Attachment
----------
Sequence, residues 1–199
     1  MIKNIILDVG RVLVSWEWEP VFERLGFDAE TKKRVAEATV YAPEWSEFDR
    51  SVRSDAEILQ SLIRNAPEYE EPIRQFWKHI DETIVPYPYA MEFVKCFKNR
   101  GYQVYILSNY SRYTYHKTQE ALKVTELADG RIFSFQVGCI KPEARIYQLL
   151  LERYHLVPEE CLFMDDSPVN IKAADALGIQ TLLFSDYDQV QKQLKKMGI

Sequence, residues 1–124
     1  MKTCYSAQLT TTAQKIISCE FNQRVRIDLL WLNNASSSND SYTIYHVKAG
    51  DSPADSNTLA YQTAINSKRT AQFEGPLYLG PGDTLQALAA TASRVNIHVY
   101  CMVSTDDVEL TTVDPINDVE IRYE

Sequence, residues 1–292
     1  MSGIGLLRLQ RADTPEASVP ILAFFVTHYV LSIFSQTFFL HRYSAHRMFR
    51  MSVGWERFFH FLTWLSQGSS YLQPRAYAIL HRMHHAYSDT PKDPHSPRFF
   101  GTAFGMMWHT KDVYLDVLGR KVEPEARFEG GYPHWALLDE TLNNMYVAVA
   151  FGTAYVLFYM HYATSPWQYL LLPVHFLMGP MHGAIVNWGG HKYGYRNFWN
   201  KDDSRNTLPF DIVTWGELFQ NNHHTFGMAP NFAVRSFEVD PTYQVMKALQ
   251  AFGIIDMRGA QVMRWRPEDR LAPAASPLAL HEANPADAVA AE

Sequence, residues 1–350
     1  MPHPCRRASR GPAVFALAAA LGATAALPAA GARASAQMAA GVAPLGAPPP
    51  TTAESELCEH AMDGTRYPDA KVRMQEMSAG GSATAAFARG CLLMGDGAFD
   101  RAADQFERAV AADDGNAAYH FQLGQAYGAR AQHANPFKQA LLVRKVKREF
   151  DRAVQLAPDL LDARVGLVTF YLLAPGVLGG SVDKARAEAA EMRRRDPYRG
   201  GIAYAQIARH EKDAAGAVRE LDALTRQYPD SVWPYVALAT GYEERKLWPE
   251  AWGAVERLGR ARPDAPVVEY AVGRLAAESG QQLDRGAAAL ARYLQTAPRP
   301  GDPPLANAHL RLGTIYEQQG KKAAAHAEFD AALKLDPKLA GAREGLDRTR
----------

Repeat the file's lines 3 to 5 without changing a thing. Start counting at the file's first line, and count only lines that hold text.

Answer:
    51  SVRSDAEILQ SLIRNAPEYE EPIRQFWKHI DETIVPYPYA MEFVKCFKNR
   101  GYQVYILSNY SRYTYHKTQE ALKVTELADG RIFSFQVGCI KPEARIYQLL
   151  LERYHLVPEE CLFMDDSPVN IKAADALGIQ TLLFSDYDQV QKQLKKMGI